EARLIER THIS MONTH, Mississippi did something somewhat surprising: It rejected a "personhood" amendment to its state constitution that would have granted human eggs, from the moment of fertilization, the same rights as an actual person. The amendment, challenging Roe v. Wade, would have criminalized abortion along with contraceptives like IUDs and the morning-after pill.

But the measure, despite its defeat, received a fury of national attention. And guess where its backers—Personhood USA—are turning next? Oregon.

"I definitely think we can get it on the 2012 ballot," says Jennifer Mason, a spokeswoman of Personhood USA.

Mason says Oregon operatives are working to collect the 1,000 supportive signatures they'll need to turn in to the Oregon Attorney General's office by spring. Five other states, including California, are looking toward a similar amendment.

Just three years old, Personhood USA is a self-titled grassroots organization made up of young campaigners who are prepared to fight. Hard.

"We're up against one of the largest anti-family and deceptive organizations in the US, Planned Parenthood," says Mason. "But because we're talking about human life here, we won't quit until we win."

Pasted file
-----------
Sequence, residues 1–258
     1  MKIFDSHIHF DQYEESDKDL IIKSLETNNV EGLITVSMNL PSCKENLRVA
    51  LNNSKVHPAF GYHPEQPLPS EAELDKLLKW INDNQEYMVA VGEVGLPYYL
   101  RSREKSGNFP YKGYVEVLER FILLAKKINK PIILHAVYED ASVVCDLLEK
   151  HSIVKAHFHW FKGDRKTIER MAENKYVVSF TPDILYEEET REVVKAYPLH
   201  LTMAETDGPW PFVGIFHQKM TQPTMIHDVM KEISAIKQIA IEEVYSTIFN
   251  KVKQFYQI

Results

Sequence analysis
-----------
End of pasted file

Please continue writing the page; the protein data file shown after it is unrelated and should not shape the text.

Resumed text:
However, not all anti-abortion groups are on board with Personhood USA's motives or tactics.

"This is very different than just a measure banning abortions, it's more a statement," says Gayle Atteberry of Oregon Right to Life (ORL), the state's leading anti-abortion organization. "It's not necessarily the thought process of every pro-lifer."

Atteberry says that running a ballot measure is both expensive and hard work—something ORL would only commit to if they were fully behind the issue. "There are a lot of things we would rather spend money and time on."

Following ultra-conservative Mississippi, Oregon may seem like an unlikely target. But Oregon remains one of a handful of states without any major abortion restrictions—such as waiting periods or parental consent.

Jimmy Radosta of Planned Parenthood Advocates of Oregon says some anti-abortion advocates might see a "personhood" amendment as an end-run around the state's traditional resistance to abortion limits.

Radosta also points to the looming presidential race as another reason the issue has gained national traction. Personhood USA eventually wants a federal amendment. Currently, 63 Republicans in the US House are cosponsors of the "Sanctity of Human Life Act," a measure that closely resembles the personhood amendment. While it's far from cemented, any support at the national level is frightening, Radosta says.

But if the measure didn't pass in conservative Mississippi... it seems like a stretch to actually make in Oregon.

"We still can't take it lightly, though," says Radosta. "You never know what can happen during an election year."

Radosta also says Planned Parenthood is prepared to put up a fight if the measure makes it on Oregon's 2012 ballot.

"These amendments are very dangerous," says Radosta. "What they're really doing is reframing the entire Roe v. Wade issue. It's deeply troubling."